Tamping Machines

Over time the constant movement of traffic over the track causes gaps to form in the ballast structure known as 'voids'. Often, from the trackside, sleepers can be clearly see bouncing up and down as the wheels pass over them. Excessive movement is dangerous, of course, so the voids need to be filled to give a firm base for each sleeper. This has been done in the past directly by manual labour but today is done by the tamping machine

The tamping machine works by vibrating the ballast and forcing it under the sleeper. These combined actions cause the ballast to form a close matrix which can support the track effectively.

Matisa pioneered the design of the first tamping machine in 1945. This original machine was totally mechanical with screws providing the in and out movement of the tools and a cam mechanism providing the vibration. It was known as the Standard Tamper.

The basic principle remains the same but the functions are often provided by hydraulics.

This is a Standard Tamper in Australia.

As I remember them, Standard Tampers were more enclosed but maybe this model was made specially for the warmer climate.

The man at the controls was a fitter that I met at the Adelaide depot and became a friend of mine.

Here he is seated in the travelling position at the rear of the machine, where he could see to drive in both directions.

 

 

 

 

The operator is now seated in the working position where there was an excellent view during tamping.

The tamping arms, actuating screws, eccentric bearings for vibration and the flywheels can be seen

This is a view of the Standard Tamper from the operating position.

Note the very comfortable seat!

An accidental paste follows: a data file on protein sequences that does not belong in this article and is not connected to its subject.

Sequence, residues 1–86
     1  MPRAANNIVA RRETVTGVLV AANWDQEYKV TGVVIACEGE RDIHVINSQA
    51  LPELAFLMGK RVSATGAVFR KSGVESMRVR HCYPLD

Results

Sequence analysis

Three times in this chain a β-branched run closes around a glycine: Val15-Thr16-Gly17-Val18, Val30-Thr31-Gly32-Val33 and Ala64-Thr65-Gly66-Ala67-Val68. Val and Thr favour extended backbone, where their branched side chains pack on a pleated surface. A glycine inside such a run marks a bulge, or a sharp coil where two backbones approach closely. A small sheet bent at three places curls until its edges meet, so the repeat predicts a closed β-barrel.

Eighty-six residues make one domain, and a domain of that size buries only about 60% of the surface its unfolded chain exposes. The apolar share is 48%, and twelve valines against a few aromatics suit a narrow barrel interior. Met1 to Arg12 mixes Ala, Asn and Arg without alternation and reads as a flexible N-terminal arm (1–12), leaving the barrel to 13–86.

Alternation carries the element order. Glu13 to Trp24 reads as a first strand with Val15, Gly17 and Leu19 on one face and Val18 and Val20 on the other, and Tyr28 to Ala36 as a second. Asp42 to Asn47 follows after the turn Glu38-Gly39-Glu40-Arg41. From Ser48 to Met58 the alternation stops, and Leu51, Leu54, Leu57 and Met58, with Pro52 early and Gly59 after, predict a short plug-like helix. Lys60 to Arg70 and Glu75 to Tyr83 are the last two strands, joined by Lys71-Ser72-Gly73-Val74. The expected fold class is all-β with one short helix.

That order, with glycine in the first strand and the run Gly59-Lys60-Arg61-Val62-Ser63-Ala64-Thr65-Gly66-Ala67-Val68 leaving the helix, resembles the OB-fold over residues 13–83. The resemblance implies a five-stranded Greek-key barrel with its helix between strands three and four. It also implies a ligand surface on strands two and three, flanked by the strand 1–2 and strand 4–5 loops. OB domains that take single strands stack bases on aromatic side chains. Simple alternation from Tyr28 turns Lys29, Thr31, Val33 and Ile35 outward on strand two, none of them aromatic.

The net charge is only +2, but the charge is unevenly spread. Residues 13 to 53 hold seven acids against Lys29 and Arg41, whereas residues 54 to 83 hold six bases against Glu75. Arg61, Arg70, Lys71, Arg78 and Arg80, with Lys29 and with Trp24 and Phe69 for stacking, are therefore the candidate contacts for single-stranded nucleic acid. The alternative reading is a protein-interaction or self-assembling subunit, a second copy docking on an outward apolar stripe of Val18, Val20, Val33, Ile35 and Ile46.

The operating levers can be seen at each side.

"The Matisa Light tamper BL-09 M"

After the Standard tamper there were a succession of heavy tamping machines employing a variety of methods of tamping, but all adhering to the basics of pressure and vibration to move the ballast. And these machines were made in a variety of wheel gauges and modified where required for local conditions.

It became apparent that there was a need for a smaller and cheaper machine for small jobs. And so the Light Tamper was born.

We made a considerable number in our Chertsey, UK, factory from about 1956 Starting with our parent company's drawings (metric units and French text) we had to convert to Imperial measurement and source components in the UK as far as possible. Steel and other specifications had to be carefully looked into, but we got there in the end.

 

The Light Tamper was intended for working in small sites, such as marshalling yards, although it could also be used anywhere where speed of operation was not the prime consideration.

It started as two separate tamping heads on a trolley that was pushed by two operators, but was later used with a motorised trolley.

The machine was powered by two diesel or petrol engines, one for each tamping head, but one was also used to provide traction

Column 1

Detail

Note the drive to the belt-driven eccentric flywheel that imparted vibration to the tamping heads. And the hydraulic traction motor.

 

The Light Tamper could be used on secondary track and off-tracked when necessary.

"The JackPak"

We did a lot of designing and manufacture at the Chertsey, UK, factory, including the 'JackPak'. This was a tamping machine designed for high lifting, such as in laying or relaying track.

The tamping heads were based on the proven Light Tamper heads and it would run in either direction at about 20MPH. Hydraulic power controlled by electronics was used throughout.

 

I do believe that's me, over 50 years ago, testing the JackPak on our works track.

That track took a hammering!

This view clearly shows the sleepers being lifted clear of the ballast while the vibrating tools force the ballast up under the sleeper being processed. The machine was capable of much higher lifts than shown.

Column 2

Levelling of the track was taken care of by the large oil-damped pendulum at the front of the machine, and a telescope could be used on the targets at the front of the machine to ensure a constant height.

Later tamping machines combined lifting, levelling and aligning functions to enable track to be set geometrically correct before tamping. Of course it still needed human intelligence to programme the machine.